Google Message #xxx Your account has been hacked. Reply with CALL ME to take a call to confirm your identity.
1. Google ID #xxx: Your Gmail has been compromised by hackers. Google needs to call to verify your account. Reply to this message with ‘READY’ when you are ready to recieve the call.
2. Your Gmail Account has been compromised. Text back with “call now” to receive a call to confirm identity.
3. Google user #xxx: your account has been hacked. Text back “SEND CODE” When you are ready to receive your reactivate number.
These are various versions of text messages sent to mobile phone users, warning that the recipient’s Google/GMail account is hacked/compromised and that he has to reply back to confirm his identity and restore his account. This is not a fact.
It is a fact that when there is any suspicious activity Google will reach out to its users with a text message – provided the user has a verified phone number associated with his account. But as mentioned in the above messages, Google/GMail will NOT ask for verification from the message itself. The text messages are not from Google/GMail, they are in fact spam messages sent to random mobile phone users since at least March 2013 – even to the ones who did not have a phone number associated with their Google accounts.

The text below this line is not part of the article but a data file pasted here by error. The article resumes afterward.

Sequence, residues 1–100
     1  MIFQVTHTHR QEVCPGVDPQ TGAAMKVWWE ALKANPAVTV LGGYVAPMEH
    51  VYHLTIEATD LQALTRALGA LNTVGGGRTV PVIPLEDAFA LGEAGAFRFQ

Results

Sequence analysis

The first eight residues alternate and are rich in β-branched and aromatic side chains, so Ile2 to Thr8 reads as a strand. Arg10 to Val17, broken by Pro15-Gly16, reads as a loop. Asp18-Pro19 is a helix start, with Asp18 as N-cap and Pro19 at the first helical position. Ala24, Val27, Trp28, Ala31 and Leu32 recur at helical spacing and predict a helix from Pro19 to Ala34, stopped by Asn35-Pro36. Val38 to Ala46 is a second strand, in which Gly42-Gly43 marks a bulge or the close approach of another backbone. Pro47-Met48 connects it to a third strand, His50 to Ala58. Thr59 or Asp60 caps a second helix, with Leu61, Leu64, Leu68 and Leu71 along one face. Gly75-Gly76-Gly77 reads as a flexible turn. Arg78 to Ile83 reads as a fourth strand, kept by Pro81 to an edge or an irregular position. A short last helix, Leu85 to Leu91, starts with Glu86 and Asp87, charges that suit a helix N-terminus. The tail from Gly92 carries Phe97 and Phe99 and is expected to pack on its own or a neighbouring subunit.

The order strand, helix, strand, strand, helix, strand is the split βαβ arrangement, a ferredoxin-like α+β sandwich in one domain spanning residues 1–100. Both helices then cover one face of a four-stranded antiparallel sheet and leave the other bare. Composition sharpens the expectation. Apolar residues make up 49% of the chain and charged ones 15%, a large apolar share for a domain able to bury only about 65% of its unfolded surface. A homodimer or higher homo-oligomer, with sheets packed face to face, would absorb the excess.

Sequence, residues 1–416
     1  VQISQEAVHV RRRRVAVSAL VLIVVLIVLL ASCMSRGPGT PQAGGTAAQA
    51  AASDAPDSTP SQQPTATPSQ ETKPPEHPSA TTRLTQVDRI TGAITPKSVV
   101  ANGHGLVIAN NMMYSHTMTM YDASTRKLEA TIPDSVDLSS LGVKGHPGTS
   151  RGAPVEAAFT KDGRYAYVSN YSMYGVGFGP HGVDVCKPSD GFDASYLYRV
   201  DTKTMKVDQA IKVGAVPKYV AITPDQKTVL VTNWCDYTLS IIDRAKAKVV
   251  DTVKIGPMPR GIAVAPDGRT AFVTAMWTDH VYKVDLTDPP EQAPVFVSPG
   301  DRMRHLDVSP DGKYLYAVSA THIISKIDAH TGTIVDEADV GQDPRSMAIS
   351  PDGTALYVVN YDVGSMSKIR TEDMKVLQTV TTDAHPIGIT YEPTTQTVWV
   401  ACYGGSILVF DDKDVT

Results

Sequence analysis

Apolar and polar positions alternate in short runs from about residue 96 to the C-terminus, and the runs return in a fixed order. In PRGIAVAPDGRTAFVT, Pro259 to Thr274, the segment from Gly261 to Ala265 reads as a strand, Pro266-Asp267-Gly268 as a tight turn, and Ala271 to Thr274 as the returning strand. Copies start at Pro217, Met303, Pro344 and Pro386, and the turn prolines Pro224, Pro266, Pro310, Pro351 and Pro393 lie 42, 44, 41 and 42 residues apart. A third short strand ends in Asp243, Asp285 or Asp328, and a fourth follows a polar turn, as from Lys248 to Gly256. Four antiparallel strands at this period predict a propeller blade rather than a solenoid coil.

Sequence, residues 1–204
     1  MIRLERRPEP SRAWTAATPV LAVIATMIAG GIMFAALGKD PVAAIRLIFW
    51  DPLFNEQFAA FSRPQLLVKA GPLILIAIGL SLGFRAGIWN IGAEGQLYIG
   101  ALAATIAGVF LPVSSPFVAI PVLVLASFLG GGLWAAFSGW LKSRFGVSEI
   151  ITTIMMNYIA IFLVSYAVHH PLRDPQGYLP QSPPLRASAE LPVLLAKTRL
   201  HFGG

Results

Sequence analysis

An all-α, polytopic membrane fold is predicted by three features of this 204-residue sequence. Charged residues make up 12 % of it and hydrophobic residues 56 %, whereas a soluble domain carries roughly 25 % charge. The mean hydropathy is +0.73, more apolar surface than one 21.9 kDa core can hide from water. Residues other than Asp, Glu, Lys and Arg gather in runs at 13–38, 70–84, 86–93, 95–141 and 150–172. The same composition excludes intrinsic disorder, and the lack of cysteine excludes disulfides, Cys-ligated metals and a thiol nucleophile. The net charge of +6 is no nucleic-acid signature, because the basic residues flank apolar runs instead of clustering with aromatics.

Some people who replied to these messages got back another text message saying:
Reactivation #xxx We will call you within 10 mins. Enter the verification code xxx when you are asked for it.
The users then get a call from a bogus phone number, and a pre-recorded voice message asks for the verification code. After entering the code, a message states that “voice mail is ready to be set up”.
It is not known whether this is a (failed) phishing attempt to steal Google account credentials or sign people up to premium rate SMS services. It could be an attempt to check possible victims for future scams and spam messages, or in the worst case, it may even be the promotion for a new voicemail service. Whatever the intention of this scam and spam messages is, the best thing to do is ignore and delete them, and not reply them back. They can be blocked and reported.
And in case you are doubtful if your GMail account is compromised, log in to your account and scroll down to the bottom, and click Last Account Activity: Details. Check if the log in details are your own. If you are not sure, and are doubtful of any suspicious activity, click the “Sign out of all other sessions” button and then change your password.
Hoax or Fact:
Hoax, and a Scam.